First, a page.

It's the age-old battle between those who wish to regulate and those who see regulation as a financial hindrance to business. In Erie, the power of the regulators was demonstrated in recent years with the Erie Coke plant, which was sued and shut down outright by the state after years of defiant Clean Air Act violations. In other cases, regulations fell short, such as in 2016 when it was reported by Ed Palattella in the Erie Times-News that the federal government had approved 150 trucks of "high-level liquid nuclear waste" to travel from Ontario through Erie County on Interstates 90 and 79 on its route to a processing plant in South Carolina.
The reality is that the term itself, regulation, is politically-loaded, like most things in the public discourse. Regulations should not be viewed as a simplistic collective ("regulations are bad!") and should instead be viewed individually. What purpose does a regulation serve? Who benefits (and who doesn't) from an active or proposed regulation? If given the option between profits and doing the right thing, what choices will a corporation make? These are conversations that hark back to the Interstate Commerce Act of 1887 and continued throughout Franklin D. Roosevelt's New Deal, the regulatory laws of the Nixon administration, the deregulation under Presidents Carter and Reagan, and through the debates, arguments, and lobbying of today.
Since the East Palestine incident, Senators Sherrod Brown (D-OH) and J.D. Vance (R-OH) have proposed rail safety legislation. In explaining it, Brown argued that fines simply weren't enough of an incentive (those $6.5 billion in stock buybacks over the past two years for Norfolk Southern aren't helping with the perception). Brown and Vance's proposal demands increased safety requirements, new braking system rules, and two-person crews must be made mandatory. Prevention, after all, is preferable to reaction.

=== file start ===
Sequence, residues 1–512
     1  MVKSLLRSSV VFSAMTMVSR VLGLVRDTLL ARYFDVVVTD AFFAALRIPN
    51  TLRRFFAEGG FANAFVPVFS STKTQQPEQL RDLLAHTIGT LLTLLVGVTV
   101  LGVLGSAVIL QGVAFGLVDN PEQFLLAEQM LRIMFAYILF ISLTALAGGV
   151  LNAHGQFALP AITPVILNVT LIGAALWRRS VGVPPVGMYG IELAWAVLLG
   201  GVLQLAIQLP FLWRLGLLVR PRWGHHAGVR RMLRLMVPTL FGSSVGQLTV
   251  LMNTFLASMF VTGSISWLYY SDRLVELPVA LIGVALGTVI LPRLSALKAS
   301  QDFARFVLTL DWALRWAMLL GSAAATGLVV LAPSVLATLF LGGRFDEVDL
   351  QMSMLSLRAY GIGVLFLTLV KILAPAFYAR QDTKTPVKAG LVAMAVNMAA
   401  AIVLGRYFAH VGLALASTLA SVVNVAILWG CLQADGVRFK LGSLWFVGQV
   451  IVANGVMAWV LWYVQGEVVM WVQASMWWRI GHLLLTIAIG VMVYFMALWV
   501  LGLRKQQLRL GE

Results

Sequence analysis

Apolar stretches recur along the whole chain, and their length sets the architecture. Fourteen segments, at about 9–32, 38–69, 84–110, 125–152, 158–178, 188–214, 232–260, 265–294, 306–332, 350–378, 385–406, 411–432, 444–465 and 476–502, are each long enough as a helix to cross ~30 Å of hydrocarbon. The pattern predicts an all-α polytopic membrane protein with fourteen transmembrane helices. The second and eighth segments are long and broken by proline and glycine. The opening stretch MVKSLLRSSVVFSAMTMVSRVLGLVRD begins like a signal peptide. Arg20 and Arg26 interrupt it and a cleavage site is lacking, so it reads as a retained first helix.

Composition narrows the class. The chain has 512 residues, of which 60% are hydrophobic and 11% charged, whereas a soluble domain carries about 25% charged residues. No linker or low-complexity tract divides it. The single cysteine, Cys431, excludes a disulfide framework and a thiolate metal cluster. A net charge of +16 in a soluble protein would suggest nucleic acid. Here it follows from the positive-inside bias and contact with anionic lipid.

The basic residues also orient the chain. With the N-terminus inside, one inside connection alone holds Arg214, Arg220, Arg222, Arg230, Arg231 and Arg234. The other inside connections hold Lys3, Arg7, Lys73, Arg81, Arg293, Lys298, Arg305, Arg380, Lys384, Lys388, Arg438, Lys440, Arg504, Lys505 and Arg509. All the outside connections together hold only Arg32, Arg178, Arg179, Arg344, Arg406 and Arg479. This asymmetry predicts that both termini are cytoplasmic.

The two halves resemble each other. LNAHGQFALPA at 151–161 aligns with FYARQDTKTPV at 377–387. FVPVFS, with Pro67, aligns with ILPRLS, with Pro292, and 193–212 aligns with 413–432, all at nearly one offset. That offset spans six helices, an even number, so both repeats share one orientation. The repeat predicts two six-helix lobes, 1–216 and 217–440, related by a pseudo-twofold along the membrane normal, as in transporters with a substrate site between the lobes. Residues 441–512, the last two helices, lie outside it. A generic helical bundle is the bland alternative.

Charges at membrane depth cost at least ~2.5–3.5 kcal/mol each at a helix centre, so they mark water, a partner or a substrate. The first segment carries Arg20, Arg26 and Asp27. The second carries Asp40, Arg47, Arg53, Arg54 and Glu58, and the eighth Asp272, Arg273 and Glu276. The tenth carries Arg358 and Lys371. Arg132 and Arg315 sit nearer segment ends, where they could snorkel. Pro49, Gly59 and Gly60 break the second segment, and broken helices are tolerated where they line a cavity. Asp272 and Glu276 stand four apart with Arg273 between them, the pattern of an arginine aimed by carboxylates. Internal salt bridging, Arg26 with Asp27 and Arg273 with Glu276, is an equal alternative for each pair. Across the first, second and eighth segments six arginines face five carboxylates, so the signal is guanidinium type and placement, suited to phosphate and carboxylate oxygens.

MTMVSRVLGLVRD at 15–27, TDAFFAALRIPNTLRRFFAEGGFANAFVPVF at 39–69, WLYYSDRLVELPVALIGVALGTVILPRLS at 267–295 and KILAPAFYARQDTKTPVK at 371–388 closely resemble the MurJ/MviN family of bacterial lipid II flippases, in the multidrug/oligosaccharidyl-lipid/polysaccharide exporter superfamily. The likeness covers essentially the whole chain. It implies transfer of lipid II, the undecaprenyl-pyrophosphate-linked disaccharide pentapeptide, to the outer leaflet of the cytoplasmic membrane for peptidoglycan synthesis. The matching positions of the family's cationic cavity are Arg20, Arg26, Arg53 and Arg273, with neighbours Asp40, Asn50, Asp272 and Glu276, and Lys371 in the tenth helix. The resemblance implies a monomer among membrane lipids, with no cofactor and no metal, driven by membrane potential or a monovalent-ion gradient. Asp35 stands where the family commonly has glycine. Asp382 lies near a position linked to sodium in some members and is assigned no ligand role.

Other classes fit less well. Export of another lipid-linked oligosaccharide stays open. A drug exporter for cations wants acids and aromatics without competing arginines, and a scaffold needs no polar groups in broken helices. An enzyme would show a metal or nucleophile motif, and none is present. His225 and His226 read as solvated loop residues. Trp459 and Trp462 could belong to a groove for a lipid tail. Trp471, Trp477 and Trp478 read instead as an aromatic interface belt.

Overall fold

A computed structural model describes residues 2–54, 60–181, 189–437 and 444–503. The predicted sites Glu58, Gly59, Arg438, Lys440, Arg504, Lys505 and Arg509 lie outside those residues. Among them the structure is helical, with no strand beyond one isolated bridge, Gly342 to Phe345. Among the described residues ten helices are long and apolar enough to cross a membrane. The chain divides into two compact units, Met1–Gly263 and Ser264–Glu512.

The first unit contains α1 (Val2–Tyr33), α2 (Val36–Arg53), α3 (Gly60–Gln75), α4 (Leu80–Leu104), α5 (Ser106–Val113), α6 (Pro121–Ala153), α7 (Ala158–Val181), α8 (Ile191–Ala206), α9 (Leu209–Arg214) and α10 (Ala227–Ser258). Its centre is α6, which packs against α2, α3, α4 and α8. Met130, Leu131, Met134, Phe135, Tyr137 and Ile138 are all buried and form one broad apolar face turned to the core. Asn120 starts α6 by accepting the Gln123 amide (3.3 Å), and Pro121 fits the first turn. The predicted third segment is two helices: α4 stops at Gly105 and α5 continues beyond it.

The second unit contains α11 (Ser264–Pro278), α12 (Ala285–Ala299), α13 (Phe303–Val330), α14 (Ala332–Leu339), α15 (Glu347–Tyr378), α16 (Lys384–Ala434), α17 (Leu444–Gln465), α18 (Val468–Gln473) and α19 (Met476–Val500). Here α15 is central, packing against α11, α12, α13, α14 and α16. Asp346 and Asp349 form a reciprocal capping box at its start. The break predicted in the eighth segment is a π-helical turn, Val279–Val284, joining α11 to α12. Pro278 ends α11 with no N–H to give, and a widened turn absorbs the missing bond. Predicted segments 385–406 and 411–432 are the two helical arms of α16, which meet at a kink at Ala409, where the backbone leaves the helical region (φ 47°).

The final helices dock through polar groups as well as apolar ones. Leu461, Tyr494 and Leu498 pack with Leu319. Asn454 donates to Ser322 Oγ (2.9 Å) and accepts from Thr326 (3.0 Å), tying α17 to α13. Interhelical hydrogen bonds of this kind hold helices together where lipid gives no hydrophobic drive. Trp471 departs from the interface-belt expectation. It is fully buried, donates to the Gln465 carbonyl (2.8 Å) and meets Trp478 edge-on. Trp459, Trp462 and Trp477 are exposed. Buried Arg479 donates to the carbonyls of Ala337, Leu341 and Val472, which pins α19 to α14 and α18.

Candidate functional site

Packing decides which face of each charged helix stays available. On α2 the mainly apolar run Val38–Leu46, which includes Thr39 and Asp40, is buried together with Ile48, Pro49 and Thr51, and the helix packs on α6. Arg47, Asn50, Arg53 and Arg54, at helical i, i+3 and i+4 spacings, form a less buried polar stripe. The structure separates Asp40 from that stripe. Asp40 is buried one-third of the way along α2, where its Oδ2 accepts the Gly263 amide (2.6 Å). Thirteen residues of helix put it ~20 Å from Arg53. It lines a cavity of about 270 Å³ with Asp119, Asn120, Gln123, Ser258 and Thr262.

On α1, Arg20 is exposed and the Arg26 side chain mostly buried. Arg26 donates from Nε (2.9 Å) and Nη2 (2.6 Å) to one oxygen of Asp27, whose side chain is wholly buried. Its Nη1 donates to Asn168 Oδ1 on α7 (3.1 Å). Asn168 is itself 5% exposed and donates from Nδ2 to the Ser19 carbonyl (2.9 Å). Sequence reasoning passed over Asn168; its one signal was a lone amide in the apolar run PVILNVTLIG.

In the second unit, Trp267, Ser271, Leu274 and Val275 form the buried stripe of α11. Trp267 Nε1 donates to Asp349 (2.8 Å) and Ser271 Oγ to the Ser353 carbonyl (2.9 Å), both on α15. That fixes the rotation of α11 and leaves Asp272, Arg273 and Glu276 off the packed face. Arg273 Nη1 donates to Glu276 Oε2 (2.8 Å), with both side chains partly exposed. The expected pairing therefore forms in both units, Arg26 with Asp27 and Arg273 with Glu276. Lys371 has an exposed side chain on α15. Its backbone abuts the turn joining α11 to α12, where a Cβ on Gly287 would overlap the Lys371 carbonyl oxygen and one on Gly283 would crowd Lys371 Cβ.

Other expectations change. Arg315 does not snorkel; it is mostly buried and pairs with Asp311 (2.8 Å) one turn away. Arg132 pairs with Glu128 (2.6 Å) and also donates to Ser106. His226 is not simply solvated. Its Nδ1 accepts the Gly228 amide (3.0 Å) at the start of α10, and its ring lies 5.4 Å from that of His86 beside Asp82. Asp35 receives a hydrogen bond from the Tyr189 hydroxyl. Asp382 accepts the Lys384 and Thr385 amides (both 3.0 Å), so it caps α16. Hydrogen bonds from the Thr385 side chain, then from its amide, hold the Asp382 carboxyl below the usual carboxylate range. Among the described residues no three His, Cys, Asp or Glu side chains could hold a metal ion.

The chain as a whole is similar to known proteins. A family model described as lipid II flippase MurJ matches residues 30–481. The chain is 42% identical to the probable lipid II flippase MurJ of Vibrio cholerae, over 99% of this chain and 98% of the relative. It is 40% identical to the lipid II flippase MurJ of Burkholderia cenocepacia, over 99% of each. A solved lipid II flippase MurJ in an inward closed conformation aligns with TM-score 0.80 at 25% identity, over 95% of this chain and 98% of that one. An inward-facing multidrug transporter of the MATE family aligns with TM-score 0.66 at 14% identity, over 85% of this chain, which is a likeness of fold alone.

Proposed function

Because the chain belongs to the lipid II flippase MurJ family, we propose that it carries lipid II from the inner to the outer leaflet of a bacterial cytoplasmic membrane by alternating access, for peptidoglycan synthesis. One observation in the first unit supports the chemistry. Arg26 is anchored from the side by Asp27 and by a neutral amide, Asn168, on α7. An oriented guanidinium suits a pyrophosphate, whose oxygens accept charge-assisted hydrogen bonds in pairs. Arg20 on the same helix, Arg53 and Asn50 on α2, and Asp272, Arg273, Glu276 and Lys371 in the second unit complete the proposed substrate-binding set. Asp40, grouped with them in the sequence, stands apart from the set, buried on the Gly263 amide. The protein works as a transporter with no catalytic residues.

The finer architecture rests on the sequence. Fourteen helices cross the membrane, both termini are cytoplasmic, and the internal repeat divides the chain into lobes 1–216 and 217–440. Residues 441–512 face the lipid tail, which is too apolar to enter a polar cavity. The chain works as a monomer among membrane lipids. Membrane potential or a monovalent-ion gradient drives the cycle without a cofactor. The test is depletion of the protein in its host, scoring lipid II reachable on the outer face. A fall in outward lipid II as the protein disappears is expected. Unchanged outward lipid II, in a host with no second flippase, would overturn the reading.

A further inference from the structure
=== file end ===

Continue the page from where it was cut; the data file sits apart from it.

Accidents are inevitable. The goal is to ensure that avoidable ones do not occur. When they do happen though, communities must be prepared. Plans should be in place. Proper funding should be provided. Communication will be key.
The Erie County Department of Public Safety did not respond to requests for more information for this story, but the county has a web page dedicated to Emergency Management and another explaining the county's Haz-Mat Team, which in 2021 received a new Freightliner Command Bus. First responders also now have access to an app called CrewForce which provides "access to mission-critical information in real time." With cell phone availability, instructions could also be quickly communicated to the general public faster than in previous decades.
These incidents create understandable skepticism and distrust towards corporations, institutions, and bureaucracies, but they also provide an opportunity for bipartisan cooperation by our lawmakers — as long as citizens continue to put on the pressure, continuously, year after year, and long after the media circus wanes and attention moves elsewhere.
The shipment of hazardous materials via train is nothing new, nor is their frequent derailment. Learn more in this archived Erie Reader story from 2016 by Lisa Gensheimer entitled "Bomb Trains: Pipelines on Wheels"
Jonathan Burdick runs the public history project Rust & Dirt. He can be reached at firstname.lastname@example.org